I'm a highly experienced and successful independent A-level Philosophy tutor for the AQA board's
I'm a full-time, independent philosophy tutor; so my time is devoted solely to my private students: I'm not squeezing you in at the end of a hard day, or at weekends!
I'm frequently asked "What do you need to do to get an A or A* at A-level Philosophy?". It is in answering that question that I've devised, and developed over the years, my recommended tuition system.
It is a well-established fact of educational psychology that relatively little information is absorbed in lectures or watching instructional videos.
Rather, genuine progress is made through the virtuous cycle of reading, thinking and writing about some topic; and then reflecting on the detailed, contextual comments of an expert.
Occasional tutorials can then be inserted, strategically, when the learning need dictates. This also has the advantage of making the tuition budget go much further!
The system of A-level philosophy tuition I recommend, for both the AS and the A-level, comprises four elements:
The philosophy essay writing masterclass imparts the core knowledge and skills required to answer
the AQA's exam questions in the appropriate style. This includes an introduction to the examiners'
A01, A02 and A03 assessment objectives.
My student's essay writing skills are then honed by writing a series of essays, carefully selected to develop their understanding of each topic systematically.
Each essay is returned with:
So each essay is a rich, formative learning experience: the breakdown against assessment objectives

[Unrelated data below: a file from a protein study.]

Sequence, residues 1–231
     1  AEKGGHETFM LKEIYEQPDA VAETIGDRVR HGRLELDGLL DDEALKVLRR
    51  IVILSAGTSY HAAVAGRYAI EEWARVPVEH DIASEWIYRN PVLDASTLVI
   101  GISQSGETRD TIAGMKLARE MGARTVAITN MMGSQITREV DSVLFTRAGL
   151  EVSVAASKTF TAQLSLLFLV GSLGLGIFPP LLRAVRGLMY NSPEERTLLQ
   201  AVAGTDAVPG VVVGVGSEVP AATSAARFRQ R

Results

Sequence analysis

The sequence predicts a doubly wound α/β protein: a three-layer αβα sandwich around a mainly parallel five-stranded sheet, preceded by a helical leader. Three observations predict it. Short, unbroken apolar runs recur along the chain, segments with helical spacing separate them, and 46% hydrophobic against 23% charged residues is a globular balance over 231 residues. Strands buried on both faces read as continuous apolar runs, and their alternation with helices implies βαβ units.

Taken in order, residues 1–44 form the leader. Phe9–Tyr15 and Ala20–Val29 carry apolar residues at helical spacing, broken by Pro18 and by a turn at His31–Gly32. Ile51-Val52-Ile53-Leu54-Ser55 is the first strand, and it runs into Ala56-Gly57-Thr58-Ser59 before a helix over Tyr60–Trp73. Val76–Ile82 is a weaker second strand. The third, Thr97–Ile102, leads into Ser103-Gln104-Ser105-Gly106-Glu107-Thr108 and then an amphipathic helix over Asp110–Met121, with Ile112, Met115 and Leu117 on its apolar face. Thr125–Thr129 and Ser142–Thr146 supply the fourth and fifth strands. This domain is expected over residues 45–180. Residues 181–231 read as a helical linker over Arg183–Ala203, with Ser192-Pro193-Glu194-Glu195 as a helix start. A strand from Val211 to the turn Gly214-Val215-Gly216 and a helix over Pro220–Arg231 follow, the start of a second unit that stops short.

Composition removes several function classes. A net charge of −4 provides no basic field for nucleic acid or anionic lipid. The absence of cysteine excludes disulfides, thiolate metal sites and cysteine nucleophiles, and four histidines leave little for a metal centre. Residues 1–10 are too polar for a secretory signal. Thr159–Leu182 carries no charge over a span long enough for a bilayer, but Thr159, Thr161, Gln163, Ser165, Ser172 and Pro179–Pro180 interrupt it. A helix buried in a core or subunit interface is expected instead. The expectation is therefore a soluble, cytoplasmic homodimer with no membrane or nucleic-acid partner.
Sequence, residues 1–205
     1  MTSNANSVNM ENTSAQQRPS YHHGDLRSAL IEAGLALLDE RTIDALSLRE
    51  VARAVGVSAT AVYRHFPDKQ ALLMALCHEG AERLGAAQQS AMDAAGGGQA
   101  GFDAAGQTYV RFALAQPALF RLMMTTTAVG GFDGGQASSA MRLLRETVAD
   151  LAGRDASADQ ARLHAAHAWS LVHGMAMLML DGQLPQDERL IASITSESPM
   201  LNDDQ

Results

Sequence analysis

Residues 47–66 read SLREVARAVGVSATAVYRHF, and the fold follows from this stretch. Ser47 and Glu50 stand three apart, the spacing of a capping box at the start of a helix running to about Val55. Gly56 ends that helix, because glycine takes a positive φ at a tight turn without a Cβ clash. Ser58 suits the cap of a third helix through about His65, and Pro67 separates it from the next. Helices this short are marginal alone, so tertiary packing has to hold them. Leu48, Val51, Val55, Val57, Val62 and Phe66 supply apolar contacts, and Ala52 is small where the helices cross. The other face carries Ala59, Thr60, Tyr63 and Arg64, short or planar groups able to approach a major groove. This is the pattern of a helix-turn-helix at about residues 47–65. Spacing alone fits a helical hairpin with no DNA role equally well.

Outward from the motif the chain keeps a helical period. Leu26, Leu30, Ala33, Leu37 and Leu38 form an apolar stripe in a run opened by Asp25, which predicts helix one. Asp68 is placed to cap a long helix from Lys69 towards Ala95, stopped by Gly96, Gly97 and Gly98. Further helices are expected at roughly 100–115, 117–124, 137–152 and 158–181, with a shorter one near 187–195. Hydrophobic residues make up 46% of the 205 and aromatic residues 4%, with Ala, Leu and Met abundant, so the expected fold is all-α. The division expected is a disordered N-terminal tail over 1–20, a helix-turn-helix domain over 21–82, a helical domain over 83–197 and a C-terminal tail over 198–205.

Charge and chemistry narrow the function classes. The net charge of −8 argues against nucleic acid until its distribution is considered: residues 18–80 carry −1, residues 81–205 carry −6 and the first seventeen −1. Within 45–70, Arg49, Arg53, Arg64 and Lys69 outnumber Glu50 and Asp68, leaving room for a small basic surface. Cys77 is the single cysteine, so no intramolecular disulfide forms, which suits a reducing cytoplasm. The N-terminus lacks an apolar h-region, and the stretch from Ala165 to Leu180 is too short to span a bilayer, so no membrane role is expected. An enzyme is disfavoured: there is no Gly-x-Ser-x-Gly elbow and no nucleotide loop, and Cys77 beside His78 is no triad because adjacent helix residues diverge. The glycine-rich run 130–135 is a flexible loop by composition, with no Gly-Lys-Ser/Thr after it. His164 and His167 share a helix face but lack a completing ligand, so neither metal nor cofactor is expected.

is particularly useful in showing where effort must be concentrated.
We have occasional tutorials, of course; to introduce a new topic, or to discuss an essay that has not gone too well: but the bulk of the student's efforts should be on developing the core skill of writing exam-style essays.
As the exams approach, we switch to hand-written, timed essays under exam conditions, addressing mock questions
The AQA's AS level philosophy "introduces candidates to a number of key philosophical themes, which provide a
broad introduction to the study of philosophy".
The AS level comprises two units, each of which is divided into five themes:
Introduction to Philosophy 1 (PHIL 1)
I teach reason and experience, the compulsory unit, not only at A-level, but also to university undergraduates;
and these topics are at the heart of my own on-going philosophical research. So your AS level philosophy tuition is assured of making
a flying start!
Introduction to Philosophy 2 (PHIL 2)
The AQA's A2 previous level philosophy enabled candidates to develop further their understanding of key philosophical concepts,
themes, texts and techniques. A2 candidates are given the opportunity to specialise by selecting two key themes
to study in depth and focusing on philosophical problems through the study of a chosen key text.
The A2 level also comprises two units. The first is divided into five key themes, the second into five philosophical texts:
Key Themes in Philosophy (PHIL 3)
Philosophical Problems (PHIL 4)
A-level philosophy revision, like all of your exam preparations, should be driven by the
AQA assessment objectives: A01, A02 & A03.
I therefore recommend organising your revision materials — including notes from books, classes, podcasts, videos etc. — into sections for each of the objectives.
If you subsequently discover that, on a certain topic, you have little material to help you satisfy one or more of the objectives, then you know where to concentrate your effort.
Generally, when revising for A-level philosophy, students tend to neglect A03 at the expense of the other two objectives.